Attacker Armed With Hatchet, Pellet Gun, And Pepper Spray Killed By Swat Team During ‘Mad Max’ Screening

Just two weeks after a gunman opened fire during a Lafayette, La., screening of “Trainwreck,” another man showed up at a movie theater last night with the intention of harming multiple people. Instead, he ended up losing his life.

This time, the perp was a 29-year-old man in Nashville’s Carmike Hickory 8 theater. He showed up at a screening of “Mad Max: Fury Road” armed with a pellet gun (which looked like a real firearm), a hatchet, and pepper spray. USA Today notes that Vincente David Montano had a history of mental illness and had been arrested before for criminal assault. He was shot and killed by police less than an hour after he began attacking movie-goers with the hatchet and pepper spray.

A witness on the scene told a 911 dispatcher, “This guy, this shady looking guy, stood up with like two bags and walked to the back of the theater and he pulled out a hatchet and started attacking this family. And then he pulled out a gun and we all ran out of the theater.”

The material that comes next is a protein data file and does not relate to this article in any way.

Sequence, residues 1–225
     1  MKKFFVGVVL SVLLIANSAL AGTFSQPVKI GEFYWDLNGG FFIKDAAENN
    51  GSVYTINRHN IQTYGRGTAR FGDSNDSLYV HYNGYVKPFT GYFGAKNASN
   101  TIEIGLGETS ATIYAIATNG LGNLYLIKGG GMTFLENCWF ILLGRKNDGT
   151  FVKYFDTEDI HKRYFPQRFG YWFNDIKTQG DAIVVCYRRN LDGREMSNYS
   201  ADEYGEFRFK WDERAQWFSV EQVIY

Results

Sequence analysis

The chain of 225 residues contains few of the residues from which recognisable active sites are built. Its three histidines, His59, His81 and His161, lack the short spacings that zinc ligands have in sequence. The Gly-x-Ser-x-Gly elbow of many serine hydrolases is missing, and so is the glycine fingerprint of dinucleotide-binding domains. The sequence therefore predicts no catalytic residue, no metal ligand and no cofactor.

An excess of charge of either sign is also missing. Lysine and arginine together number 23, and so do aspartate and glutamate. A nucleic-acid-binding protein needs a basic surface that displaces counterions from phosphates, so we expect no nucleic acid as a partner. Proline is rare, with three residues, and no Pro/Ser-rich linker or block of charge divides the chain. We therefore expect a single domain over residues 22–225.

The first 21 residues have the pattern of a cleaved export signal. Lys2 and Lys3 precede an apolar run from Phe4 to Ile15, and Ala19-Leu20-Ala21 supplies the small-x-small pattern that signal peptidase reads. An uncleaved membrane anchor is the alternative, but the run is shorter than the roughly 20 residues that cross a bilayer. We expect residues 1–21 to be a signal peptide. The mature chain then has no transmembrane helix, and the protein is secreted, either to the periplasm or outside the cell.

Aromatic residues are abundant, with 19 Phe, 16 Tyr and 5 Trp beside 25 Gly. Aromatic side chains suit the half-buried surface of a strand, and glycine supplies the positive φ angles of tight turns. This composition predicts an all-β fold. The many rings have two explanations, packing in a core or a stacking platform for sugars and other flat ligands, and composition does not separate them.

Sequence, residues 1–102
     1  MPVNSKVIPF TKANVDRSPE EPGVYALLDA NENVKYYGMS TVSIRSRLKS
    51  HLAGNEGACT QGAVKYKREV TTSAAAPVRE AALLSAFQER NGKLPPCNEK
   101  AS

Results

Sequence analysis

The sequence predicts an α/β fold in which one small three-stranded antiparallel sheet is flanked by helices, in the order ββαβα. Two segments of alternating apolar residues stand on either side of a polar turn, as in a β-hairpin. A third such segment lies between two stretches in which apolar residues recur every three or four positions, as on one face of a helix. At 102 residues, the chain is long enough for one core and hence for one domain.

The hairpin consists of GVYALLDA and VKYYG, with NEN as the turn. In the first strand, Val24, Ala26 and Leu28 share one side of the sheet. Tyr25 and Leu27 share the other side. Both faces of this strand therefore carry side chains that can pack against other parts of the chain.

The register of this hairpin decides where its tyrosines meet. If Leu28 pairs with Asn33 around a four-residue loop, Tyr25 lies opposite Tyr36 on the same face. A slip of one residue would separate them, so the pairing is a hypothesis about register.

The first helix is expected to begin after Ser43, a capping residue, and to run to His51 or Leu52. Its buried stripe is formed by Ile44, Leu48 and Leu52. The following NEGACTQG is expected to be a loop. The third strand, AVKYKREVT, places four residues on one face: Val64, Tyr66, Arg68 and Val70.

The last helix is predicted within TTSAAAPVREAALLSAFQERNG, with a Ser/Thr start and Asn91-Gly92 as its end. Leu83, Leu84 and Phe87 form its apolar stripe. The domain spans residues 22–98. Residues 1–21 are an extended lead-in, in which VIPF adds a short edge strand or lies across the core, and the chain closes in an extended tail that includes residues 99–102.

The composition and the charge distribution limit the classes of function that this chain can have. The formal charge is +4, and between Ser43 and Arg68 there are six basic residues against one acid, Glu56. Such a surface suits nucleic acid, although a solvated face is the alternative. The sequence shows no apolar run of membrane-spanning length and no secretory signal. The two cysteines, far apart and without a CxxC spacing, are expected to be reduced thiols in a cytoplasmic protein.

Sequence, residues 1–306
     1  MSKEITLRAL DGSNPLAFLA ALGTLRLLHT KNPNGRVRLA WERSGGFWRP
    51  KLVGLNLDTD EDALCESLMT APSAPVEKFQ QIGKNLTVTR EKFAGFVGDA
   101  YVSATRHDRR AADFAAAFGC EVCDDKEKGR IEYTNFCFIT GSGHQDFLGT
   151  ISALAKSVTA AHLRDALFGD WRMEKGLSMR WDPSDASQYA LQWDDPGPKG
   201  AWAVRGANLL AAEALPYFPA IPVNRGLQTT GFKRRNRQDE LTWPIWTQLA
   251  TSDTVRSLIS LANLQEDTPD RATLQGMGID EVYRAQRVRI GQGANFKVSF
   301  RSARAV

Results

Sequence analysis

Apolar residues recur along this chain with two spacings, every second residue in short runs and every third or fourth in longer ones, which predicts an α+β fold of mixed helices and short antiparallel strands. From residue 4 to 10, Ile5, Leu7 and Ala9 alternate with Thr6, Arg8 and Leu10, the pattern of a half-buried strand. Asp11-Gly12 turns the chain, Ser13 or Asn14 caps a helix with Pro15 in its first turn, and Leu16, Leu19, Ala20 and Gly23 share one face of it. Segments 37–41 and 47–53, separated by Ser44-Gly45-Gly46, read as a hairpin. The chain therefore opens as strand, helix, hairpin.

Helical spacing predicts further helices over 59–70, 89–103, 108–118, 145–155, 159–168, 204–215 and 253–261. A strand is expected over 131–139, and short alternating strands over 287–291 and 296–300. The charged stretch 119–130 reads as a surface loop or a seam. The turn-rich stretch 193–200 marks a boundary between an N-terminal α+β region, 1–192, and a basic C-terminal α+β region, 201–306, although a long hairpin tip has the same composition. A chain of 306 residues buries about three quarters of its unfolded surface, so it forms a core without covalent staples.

Luckily, nobody was seriously hurt, though a few movie-goers were treated for pepper-spray injuries, and a man got a superficial shoulder injury from the suspect’s hatchet. Montano was reportedly carrying two backpacks with him at the scene; police found that one of them contained a fake bomb.

Related: Lone Gunman Kills Two And Himself During ‘Trainwreck’ Screening

When police arrived, Montano opened fire on an officer, who returned the fire. A SWAT team was also on hand, and they shot and killed the suspect as he was reportedly trying to escape out a back door.

According to USA Today, a witness inside the theater at the time posted about it on Facebook afterward: “Kids having to see the evil that exists in this world up close like this is tragic…heard a child crying saying.”Is the boogie man still here.?”

Montano’s mother reportedly told police her son had been diagnosed with paranoid schizophrenia, but that she hadn’t talked to him since 2013. He had been committed four times for psychiatric issues.

Read more: USA Today

Photo: Metro Nashville PD

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